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Tuesday, February 28, 2017

Hidden Stars and Veiled Faces

The proper young women of New York’s Barbizon Hotel all had secrets to keep—especially in 1952 when the city’s unsavory night life lured them into its grip. Decades later, a young journalist living in one of the Barbizon’s converted condos sets out to unearth these secrets, discovering that veils can hide more than scarred faces, and that her own secrets have wrapped a web of deceit around her. 

Fiona Davis braids the stories of these women together in her novel, The Dollhouse. Told with alternating points-of-view, the reader travels gracefully between decades and characters, between secrets and truth.

Author Corinne Joy Brown also delves into decades, even centuries, of hidden stories, perhaps never imagining as she was writing Hidden Star, that her novel’s main character (with a shadowy family history of Jewish persecution) would step so readily from the novel’s fictitious pages and into today’s headlines. Another Jewish cemetery vandalized. Muslims reach out to help. Even as themes of racism persist over the centuries, kindness and love come from unexpected places, as the characters of Hidden Star discover.

Corinne wasn’t merely fascinated by the stories of the descendants of the Spanish and Portuguese Jews who fled to the New World to escape the Spanish Inquisition, she was emboldened and impassioned by these secret stories. Almost 500 years later, her own sister would come into the world during a modern-day Inquisition—the Holocaust.

“Although your mother perished in the Warsaw Ghetto,” Corinne writes in the novel’s Acknowledgments, “she had the foresight to secure you, a child of five, with Christian friends, protected by your blue eyes and a Catholic religious medallion placed around your neck.” Corinne goes on to share that, after the siege on Warsaw, her sister, hidden for months, was brought from Poland to America and then into the arms of Corinne's family.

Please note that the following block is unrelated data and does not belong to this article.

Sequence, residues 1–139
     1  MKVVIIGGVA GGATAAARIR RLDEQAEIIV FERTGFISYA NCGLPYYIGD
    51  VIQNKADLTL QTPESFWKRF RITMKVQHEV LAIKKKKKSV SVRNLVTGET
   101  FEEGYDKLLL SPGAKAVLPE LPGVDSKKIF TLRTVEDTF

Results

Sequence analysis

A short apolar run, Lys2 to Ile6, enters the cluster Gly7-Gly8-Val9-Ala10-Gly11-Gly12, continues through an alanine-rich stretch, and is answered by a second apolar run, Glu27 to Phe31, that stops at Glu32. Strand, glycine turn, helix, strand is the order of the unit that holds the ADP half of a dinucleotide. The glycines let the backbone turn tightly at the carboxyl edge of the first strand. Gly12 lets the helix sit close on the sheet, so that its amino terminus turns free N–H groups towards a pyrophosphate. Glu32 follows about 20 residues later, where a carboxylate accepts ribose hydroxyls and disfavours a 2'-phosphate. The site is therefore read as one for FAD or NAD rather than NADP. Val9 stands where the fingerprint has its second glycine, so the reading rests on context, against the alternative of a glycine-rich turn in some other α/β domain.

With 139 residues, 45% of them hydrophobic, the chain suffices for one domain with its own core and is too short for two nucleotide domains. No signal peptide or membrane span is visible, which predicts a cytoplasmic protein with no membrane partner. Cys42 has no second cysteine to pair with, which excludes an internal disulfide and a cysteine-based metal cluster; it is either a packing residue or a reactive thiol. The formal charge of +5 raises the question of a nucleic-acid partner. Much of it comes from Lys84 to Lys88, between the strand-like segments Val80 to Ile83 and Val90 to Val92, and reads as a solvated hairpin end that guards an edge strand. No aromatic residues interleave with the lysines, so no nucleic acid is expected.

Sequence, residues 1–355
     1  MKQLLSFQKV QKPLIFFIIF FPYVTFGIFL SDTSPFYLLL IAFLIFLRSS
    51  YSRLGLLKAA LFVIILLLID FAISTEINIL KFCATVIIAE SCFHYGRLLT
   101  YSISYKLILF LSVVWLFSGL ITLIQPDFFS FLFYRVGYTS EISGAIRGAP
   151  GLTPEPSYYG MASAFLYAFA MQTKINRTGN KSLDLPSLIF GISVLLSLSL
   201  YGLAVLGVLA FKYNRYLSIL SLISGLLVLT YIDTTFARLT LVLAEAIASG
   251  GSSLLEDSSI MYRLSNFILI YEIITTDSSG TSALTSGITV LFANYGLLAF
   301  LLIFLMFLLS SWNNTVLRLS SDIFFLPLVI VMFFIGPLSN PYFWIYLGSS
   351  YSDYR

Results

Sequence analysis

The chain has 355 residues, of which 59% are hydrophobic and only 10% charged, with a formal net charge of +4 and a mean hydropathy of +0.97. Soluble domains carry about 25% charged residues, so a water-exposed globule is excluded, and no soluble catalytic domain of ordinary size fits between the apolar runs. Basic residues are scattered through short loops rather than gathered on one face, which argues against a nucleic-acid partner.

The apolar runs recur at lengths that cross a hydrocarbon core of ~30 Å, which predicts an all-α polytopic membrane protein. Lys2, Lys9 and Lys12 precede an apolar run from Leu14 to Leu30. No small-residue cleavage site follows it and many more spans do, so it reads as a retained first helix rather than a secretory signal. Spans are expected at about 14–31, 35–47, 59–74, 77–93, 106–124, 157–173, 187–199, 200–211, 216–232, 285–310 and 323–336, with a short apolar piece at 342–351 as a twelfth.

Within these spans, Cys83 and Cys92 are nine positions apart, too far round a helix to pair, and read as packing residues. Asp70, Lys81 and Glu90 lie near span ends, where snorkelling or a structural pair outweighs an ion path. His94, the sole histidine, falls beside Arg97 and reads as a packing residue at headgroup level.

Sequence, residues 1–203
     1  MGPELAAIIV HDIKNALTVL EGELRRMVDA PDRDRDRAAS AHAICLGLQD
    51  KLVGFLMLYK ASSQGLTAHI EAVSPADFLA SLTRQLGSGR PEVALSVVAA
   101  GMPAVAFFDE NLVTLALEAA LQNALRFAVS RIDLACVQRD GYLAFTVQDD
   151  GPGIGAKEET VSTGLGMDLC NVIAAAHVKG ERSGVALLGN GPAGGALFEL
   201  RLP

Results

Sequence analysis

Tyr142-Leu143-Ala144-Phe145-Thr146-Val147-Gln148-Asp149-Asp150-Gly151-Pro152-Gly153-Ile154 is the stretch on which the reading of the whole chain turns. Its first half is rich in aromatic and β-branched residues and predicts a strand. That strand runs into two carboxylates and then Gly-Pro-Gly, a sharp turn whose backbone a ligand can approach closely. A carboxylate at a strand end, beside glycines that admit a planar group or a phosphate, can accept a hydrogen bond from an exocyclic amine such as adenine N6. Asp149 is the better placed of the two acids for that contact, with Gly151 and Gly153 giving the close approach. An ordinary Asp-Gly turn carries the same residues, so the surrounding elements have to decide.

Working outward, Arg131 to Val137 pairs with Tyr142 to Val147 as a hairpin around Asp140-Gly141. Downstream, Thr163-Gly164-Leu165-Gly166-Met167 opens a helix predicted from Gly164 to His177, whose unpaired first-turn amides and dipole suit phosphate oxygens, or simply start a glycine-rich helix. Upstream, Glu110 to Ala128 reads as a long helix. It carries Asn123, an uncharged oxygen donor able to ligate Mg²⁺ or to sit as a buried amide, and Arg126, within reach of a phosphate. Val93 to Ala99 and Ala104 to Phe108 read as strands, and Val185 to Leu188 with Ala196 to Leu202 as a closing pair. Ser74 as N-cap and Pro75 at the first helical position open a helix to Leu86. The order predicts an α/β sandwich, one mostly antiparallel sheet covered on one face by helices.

Secrets. They have long been the stuff of stories - woven into novels in order to disguise them, or whispered to each other at the dinner table. What, we might wonder, is the one secret my grandmother never told anyone? Or my grandfather? What is the one secret I have never told anyone? Even our characters keep secrets from us. These hidden truths compel us to write, compel us to read, and compel us to imagine a world that is better, kinder. 

NOTE: You may read more about the characters of Hidden Star (First Place Winner of the 2016 New Mexico/Arizona Book Award in Historical Fiction) on Corinne's website. You may purchase Hidden Star here. Read more about Fiona Davis and The Dollhouse on Penguin Random House's author site.


Andrea Downing said...

Two very interesting books, Paige. I stayed at The Barbizon after it had been converted into a normal hotel, before it became condos. It was difficult then to imagine the likes of Sylvia Plath staying there so I shall read The Dollhouse with great interest.

Page Lambert said...

Andrea, thank you for leaving a comment on the blog--so many come via email instead. How cool that you stayed at The Barbizon when it was still a hotel. You will enjoy The Dollhouse!